As a Licensed Insolvency Trustee, DEVLETIAN & ASSOCIATES INC. is available to guide you through these difficult financial times. A consumer proposal is sometimes the mutually beneficial solution for both debtors and creditors. The following are some key question and answers clarifying a consumer proposal. Please contact us for your free personal evaluation and consultation.
What is a Consumer Proposal?
Governed by the Bankruptcy and Insolvency Act (“BIA”), a consumer proposal allows a person to reduce the amount of their debts, extend the time to pay off the debts, or provides some combination of both. The consumer proposal is available to debtors whose total debts do not exceed $250 000, excluding a mortgage for the person’s principal residence. If your unsecured debts are above $250,000 (excluding your mortgage), or if the debts are related to a business, then please view our Division 1 Proposal page.
The consumer proposal is a fixed monthly payment offer in exchange of one or multiple payments towards unsecured debts, which the debtor is unable to financially support.
Once the consumer proposal is filed, there will be NO MORE INTEREST added to the debt.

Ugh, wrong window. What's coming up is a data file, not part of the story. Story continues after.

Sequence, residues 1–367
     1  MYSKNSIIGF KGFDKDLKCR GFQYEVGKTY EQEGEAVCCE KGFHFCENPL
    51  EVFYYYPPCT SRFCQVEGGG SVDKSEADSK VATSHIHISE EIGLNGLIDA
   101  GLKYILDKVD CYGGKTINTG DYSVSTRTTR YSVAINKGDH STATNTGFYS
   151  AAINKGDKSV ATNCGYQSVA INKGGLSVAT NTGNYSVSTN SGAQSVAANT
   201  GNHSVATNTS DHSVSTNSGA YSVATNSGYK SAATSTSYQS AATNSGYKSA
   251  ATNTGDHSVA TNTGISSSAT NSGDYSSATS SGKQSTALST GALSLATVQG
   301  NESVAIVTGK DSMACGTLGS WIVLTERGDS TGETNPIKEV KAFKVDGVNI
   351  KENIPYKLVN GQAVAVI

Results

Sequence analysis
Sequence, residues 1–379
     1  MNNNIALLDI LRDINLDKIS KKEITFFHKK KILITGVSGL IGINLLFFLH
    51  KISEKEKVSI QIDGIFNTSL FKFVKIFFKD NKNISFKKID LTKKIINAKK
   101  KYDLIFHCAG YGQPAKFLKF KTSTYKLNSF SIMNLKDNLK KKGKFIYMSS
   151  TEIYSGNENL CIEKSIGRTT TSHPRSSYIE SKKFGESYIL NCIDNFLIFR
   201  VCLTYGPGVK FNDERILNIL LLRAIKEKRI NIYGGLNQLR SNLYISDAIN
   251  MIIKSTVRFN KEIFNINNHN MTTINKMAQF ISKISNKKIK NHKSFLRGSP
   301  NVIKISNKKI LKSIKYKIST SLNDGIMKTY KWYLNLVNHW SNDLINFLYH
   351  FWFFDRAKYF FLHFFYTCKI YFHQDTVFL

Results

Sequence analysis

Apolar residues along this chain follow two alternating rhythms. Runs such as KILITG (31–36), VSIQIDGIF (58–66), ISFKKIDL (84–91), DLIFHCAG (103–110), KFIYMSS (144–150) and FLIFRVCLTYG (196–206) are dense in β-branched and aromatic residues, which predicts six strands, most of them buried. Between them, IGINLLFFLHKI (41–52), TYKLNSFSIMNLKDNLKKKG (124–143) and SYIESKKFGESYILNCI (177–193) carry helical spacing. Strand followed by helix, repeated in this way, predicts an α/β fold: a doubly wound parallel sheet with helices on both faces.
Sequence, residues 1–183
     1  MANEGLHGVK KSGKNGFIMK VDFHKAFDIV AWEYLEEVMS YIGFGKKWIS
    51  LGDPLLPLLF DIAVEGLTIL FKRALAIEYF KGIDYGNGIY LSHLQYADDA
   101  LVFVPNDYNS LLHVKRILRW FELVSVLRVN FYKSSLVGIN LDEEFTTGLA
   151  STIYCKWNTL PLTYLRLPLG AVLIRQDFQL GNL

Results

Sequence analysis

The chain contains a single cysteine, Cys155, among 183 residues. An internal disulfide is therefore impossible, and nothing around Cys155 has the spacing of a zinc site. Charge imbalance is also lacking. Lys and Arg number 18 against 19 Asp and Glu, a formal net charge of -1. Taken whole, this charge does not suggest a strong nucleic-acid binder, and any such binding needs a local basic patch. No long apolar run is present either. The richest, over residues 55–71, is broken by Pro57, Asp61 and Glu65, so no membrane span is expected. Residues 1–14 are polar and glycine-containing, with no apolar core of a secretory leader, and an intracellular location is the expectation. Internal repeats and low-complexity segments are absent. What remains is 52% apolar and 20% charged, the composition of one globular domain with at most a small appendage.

In order for the consumer proposal to be accepted, it requires a majority of your creditors to accept the proposal, and it is legally binding on all parties. The creditors have 45 days to look over the proposal and vote on whether or not they think that it is a good proposal and if they want to accept it
Upon completion of the consumer proposal, you will be released from the balance of your debts.
Unsecured creditors will not be able to enforce any judgements or garnishment orders to recover their debts unless or until the proposal is rejected or annulled. That means if your creditors are GARNISHING your salary or bank accounts, then they would have to stop immediately if you file a proposal.
How do I qualify for a Consumer Proposal?
The debtor must be insolvent, must be a resident of Canada and owe a minimum of $1000.
For a consumer proposal to be acceptable to a debtor’s creditors, it must clearly provide the creditors with a greater return or payment on their outstanding accounts than they would receive in bankruptcy proceedings. On the other hand, the consumer proposal must be achievable. There is no advantage to preparing a consumer proposal if it is too “rich” or so onerous that the debtor cannot possibly hope to comply with its terms.
For a consumer proposal to succeed, it will generally have to be in a situation where one of the following is applicable:
- The debtor has steady employment which provides a level of income above that necessary for normal living requirements (surplus income).
- A third party is prepared to provide funding or guarantee for the consumer proposal settlement.
- Certain assets which may not be available to the creditors in a bankruptcy proceeding are voluntarily offered as part of the proposal.
What are the advantages to making a Consumer Proposal?
- THE DEBTOR WILL NOT CARRY THE STIGMA OF HAVING A BANKRUPTCY FILING ON THEIR CREDIT RECORD FOR THE REST OF THEIR LIFE!
- The debtor gets to keep his/her assets; however, they must be taken into consideration when determining the amount offered to the creditors.